With the man out of earshot, Miles and Alice began crawling on their elbows, commando-style, through the prickly bushes to get deeper into the wood. Before long, they came upon a fallen hollow tree trunk which had just enough room for the two of them to curl up inside. Miles pulled a branch up behind them so as to conceal the entrance, and from their hiding place, the children squashed together, hardly able to move.
Just in time: a split second later an enormous pair of feet could be heard approaching the old tree trunk. "Stay here, Skinner." was the command. "I'll station myself at the north end of the wood, Brown will guard the west side and the others can flush them out."
"Okay, Griswold," said his companion. Once his superior was out of sight, Skinner sat down on the trunk. He was easily the biggest of the men with an unbelievably wide bottom, and as soon as he made contact with the fallen tree, it creaked ominously. All Miles and Alice could do was pray their hiding place would hold up under the strain. Moments later and to their great relief, they heard another shout.
"Oi! Skinner! Get off your fat behind and start searching! The boss ain't moving 'til we get those brats!"
Skinner leapt up, but in doing so, the weight of his bottom dislodged the tree which jolted into motion and began to roll downhill - slowly at first, then gathering speed, flattening everything in its path as the hill dropped perilously towards the river that gushed through the gully below. Miles and Alice held their breaths, unable to scream, helpless and stiff with terror. Being so tightly packed into the trunk helped brace their bodies against much of the impact, but it was still the most terrifying white-knuckle ride theyd ever experienced! (USA)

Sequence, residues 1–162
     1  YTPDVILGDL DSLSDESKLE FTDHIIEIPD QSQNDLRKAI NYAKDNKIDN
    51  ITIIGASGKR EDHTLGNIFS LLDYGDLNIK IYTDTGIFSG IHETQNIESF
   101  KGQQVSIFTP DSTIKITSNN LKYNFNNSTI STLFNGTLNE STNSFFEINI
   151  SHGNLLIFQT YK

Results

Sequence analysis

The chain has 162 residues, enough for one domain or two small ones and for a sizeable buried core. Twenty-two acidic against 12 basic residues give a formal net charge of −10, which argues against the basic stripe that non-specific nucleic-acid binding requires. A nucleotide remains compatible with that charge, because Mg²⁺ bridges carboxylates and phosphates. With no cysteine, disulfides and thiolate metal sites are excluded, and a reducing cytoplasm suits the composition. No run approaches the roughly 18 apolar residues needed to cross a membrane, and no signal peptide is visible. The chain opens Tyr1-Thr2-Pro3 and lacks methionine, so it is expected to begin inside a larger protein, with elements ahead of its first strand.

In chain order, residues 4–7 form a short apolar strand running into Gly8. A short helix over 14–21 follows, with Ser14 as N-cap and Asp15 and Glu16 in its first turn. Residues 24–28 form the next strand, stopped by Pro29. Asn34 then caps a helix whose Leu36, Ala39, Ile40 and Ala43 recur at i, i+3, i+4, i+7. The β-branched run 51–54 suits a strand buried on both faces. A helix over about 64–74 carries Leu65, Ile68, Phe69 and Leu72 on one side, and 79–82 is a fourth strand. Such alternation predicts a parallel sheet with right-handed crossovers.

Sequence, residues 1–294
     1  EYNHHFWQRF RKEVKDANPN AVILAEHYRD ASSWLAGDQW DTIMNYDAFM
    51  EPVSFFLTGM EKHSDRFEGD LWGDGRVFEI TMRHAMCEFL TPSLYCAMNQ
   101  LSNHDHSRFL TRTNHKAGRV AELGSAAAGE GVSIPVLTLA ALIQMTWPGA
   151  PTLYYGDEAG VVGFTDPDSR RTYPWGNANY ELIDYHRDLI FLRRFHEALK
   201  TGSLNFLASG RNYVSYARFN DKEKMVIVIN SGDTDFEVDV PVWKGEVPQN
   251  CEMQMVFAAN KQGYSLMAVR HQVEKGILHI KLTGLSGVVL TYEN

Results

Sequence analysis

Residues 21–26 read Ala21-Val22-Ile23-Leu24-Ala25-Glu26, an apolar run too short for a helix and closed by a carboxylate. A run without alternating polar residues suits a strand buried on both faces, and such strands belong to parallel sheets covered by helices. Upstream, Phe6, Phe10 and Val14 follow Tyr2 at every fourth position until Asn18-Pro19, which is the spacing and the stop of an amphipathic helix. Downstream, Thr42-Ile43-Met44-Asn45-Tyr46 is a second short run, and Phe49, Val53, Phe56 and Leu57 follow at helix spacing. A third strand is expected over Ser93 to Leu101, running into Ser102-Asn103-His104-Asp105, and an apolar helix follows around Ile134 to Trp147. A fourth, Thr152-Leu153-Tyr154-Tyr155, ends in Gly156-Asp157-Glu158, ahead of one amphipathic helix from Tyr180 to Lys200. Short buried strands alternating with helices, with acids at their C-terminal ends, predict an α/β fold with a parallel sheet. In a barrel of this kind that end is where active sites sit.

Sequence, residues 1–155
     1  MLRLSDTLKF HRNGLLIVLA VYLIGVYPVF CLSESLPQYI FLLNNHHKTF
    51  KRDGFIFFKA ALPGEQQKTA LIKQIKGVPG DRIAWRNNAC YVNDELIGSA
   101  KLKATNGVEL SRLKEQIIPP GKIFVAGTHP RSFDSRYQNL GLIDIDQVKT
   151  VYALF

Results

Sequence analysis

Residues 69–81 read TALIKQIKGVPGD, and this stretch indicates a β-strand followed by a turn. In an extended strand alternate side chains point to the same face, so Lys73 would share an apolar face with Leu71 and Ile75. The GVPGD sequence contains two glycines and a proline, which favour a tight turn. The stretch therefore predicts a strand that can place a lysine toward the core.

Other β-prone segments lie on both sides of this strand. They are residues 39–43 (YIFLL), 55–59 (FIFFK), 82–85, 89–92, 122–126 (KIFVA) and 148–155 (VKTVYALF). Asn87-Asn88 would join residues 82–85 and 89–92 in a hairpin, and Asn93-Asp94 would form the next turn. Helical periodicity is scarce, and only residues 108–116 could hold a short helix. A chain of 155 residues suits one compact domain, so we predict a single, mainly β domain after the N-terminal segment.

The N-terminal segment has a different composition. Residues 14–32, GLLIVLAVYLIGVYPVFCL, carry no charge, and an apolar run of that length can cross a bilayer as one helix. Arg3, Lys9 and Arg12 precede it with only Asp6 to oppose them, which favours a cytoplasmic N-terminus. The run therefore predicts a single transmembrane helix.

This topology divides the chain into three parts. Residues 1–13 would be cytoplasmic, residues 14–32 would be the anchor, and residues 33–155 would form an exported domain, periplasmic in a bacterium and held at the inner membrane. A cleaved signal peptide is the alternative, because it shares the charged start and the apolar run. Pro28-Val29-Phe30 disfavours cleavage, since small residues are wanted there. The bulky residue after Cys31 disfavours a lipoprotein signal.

Thursday, 10 January 2013

Meet Gordon - the Flying Scotsman

       When you're used to living in trees, and wrestling giant crocodiles, swinging from chandeliers is an absolute doddle! Another extract from The Runaway Children. Just mind your head!
"Well, well!" exclaimed Prism "Just look what's crawled in from the sewers! Get him, Sisters!"
Before he could say 'tam-o-shanter', Gordon was surrounded by women snarling at him and crouching menacingly. "Would you like to know what a Scotsman wears under his kilt?" he asked.
"Well, stick around - you're about to find out!"
Whirling the rope above his head, he flung it upwards and caught its hook on a chandelier. He then used the rope to swing, higher and higher and faster and faster, until he was whizzing round the walls at twice the speed of sound. Yippee! Its the Flying Scotsman!
The nunjas tried in vain to keep track of him, swivelling their heads until they turned cross-eyed, while Gordon, by now hugely enjoying himself, had built up such a spin he almost hummed.  
"Have you seen enough yet?"  Gordon laughed before swirling down upon Prism and her sisters where they stood in a huddle, dizzy and confused. Whether from Gordon's gravity defying aerobics or the fluorescent-orange cycling shorts he sported beneath his homemade kilt, they certainly felt queasy. "Och, I always have this effect on people" he cried "trouble is, I'm just no good in polite company. I'm always putting my foot in it!" And, as if to prove the point, he swung, feet first into the huddle and knocked all the Nunjas over like tenpins. "Strike!"  crowed Gordon. 

Stand by for action! The Tree People at war